The Haunted Castle of the Lost Count

Chipkins the Boy King rides alone all night,

through the wild and grim Mountains of Roskill.

The rain grows heavier and the night thicker,

but just as hope begins to fade

a towering castle looms out of the mist.

Chipkins bangs on the door.

“Ho there, kinsman! Your King requires shelter!”

The door creaks open slowly,

And a shadowed apparition stands in the flicker of candlelight.

“I am the Lost Count of Roskill,”

Intones the eldritch figure, bowing low,

“Welcome, My King, my domain is at your service.”

Just then, a bloodcurdling howl comes from the woods.

“Good grief,” shivers King Chipkins, staring into the dark,

“That sounds like a pack of slavering trust funds on the prowl.”

“I’m afraid I hear only the breeze,” answers the Lost Count,

Taking King Chipkins soggy furs.

“This way to the Guest Quarters.”

They pass by the steps to the basement.

An enormous crashing and screeching floats up

From beneath the ancient floorboards.

“Good grief,” blurts King Chipkins,

“That sounds like a monstrous package of Auckland International Airport shares, trying to escape.”

“Merely the creaking of these old walls,” winks the Lost Count.

“This way to the stairs, My King.”

A hundred and forty four steps later, they come to the attic.

But before the Chipkins can relax in front of the cheery fire,

a mad cackling echoes from behind the closet door,

sending a chill up the Boy King’s spine.

“That sounds like a horde of National Australia Bank,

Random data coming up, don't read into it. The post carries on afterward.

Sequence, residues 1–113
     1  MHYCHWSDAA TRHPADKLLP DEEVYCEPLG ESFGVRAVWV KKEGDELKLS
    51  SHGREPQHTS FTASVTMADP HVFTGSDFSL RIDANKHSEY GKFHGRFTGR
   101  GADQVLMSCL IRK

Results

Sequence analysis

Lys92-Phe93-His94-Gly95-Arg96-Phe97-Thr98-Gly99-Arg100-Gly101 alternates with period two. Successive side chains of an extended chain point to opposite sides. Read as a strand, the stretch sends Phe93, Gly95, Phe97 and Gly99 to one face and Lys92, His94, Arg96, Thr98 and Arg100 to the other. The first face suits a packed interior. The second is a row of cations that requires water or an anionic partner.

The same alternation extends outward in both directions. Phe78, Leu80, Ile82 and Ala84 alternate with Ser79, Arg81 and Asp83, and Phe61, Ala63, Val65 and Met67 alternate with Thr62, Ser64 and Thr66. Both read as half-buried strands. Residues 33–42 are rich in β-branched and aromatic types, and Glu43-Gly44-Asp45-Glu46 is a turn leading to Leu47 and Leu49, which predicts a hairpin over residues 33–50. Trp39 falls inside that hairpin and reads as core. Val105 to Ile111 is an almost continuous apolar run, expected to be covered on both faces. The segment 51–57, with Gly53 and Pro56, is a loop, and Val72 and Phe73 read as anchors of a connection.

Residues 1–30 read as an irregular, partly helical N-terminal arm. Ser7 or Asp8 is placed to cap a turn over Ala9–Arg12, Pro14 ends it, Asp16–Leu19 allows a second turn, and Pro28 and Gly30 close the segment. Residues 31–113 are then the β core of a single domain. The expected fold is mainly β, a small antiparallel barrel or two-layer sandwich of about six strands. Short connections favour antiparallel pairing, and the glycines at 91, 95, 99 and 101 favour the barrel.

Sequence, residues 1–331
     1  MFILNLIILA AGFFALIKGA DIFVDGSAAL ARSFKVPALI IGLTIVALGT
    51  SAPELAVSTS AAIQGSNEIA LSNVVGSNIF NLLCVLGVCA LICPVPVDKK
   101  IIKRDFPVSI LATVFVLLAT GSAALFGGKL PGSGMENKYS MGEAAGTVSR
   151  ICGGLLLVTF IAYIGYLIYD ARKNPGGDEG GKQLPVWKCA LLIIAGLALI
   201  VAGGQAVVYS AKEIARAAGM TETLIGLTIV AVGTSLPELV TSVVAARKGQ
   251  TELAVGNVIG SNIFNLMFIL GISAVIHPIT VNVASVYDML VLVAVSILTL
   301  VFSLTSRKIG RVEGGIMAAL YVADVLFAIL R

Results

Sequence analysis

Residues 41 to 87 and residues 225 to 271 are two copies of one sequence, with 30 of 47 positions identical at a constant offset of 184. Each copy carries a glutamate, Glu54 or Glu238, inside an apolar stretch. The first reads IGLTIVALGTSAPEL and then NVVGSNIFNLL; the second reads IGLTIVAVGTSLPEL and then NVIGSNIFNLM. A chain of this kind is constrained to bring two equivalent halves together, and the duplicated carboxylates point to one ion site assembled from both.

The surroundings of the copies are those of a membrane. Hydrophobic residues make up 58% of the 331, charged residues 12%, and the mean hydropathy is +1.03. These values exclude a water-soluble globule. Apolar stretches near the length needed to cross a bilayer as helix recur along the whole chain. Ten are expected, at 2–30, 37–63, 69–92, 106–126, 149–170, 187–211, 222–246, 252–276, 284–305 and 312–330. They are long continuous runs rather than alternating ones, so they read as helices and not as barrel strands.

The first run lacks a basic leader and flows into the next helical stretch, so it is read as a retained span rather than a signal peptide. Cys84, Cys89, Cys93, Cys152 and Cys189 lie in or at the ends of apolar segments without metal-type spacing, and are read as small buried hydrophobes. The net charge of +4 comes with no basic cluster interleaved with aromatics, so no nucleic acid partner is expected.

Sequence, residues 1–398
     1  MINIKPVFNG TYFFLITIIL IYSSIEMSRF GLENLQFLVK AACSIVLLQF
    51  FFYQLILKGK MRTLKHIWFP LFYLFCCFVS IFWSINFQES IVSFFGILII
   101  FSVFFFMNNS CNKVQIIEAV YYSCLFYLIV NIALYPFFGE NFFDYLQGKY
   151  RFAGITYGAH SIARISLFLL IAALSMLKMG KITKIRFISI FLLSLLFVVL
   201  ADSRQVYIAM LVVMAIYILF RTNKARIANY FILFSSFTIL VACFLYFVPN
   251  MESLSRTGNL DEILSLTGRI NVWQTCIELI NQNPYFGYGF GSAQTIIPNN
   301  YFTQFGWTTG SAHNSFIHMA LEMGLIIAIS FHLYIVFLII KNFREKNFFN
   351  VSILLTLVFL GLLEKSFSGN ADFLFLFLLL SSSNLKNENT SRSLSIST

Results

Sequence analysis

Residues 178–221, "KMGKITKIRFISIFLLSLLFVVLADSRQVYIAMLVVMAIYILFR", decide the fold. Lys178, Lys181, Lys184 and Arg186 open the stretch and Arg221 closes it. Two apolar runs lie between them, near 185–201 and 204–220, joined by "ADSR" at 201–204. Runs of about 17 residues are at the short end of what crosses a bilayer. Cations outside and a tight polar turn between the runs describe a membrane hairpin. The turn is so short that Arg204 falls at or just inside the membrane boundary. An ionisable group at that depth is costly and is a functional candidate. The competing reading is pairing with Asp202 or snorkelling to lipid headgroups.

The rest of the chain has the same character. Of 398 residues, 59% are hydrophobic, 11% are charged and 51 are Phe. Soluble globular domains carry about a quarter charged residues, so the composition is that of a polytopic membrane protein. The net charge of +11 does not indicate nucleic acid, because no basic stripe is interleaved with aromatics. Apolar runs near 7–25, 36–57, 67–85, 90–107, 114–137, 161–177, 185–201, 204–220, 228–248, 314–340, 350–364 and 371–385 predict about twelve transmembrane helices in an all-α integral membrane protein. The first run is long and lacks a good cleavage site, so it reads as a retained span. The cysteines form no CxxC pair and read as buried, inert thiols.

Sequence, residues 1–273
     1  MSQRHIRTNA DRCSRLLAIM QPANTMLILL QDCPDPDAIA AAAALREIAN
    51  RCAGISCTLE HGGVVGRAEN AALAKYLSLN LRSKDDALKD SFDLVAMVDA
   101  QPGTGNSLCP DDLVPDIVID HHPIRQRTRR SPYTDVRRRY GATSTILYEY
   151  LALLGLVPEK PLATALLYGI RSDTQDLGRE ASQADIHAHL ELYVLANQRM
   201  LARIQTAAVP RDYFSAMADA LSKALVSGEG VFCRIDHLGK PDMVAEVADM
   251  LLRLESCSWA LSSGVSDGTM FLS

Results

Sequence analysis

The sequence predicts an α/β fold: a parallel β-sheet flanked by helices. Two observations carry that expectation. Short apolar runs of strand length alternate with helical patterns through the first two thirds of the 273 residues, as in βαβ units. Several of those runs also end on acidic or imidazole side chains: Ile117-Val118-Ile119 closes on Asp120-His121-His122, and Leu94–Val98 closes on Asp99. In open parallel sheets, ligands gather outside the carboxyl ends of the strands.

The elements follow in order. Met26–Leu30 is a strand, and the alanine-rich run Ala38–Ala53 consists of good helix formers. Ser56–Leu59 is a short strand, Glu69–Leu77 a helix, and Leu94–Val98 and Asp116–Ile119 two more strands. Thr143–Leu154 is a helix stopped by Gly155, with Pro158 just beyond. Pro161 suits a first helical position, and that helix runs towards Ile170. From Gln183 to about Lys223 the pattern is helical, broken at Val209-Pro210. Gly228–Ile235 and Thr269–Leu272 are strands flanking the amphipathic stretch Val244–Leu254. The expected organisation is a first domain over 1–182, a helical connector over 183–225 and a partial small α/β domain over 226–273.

Chorus and Spark skeletons in the closet!” he exclaims in horror.

“I must have missed that,” muses his preternatural host,

“But just to be on the safe side, perhaps best not to open anything.”

Yet the headstrong King, filled with the bravado of foolish youth,

Strides to the closet door and flings it open.

An avalanche of papers, deeds, accounts, gold doubloons,

Wads of used chewing gum, stamp albums and a model train set,

Pour out and bury the hapless Chipkins.

“Zounds, man,” groans the crushed King from the floor,

“What have you done?”

The Lost Count looks ruefully at the wreckage before him.

“Well,” he shrugs, “Anyone can make a mistake.”

Victor Billot has previously felt moved to write Odes in honour of such public luminaries as Whiney Luxon, Stuart Nash, and Wayne Brown.

Victor Billot is a Dunedin writer. He is the author of the poetry collection The Sets (Otago University Press, 2020), and writes a weekly satirical Ode each Sunday for Newsroom.

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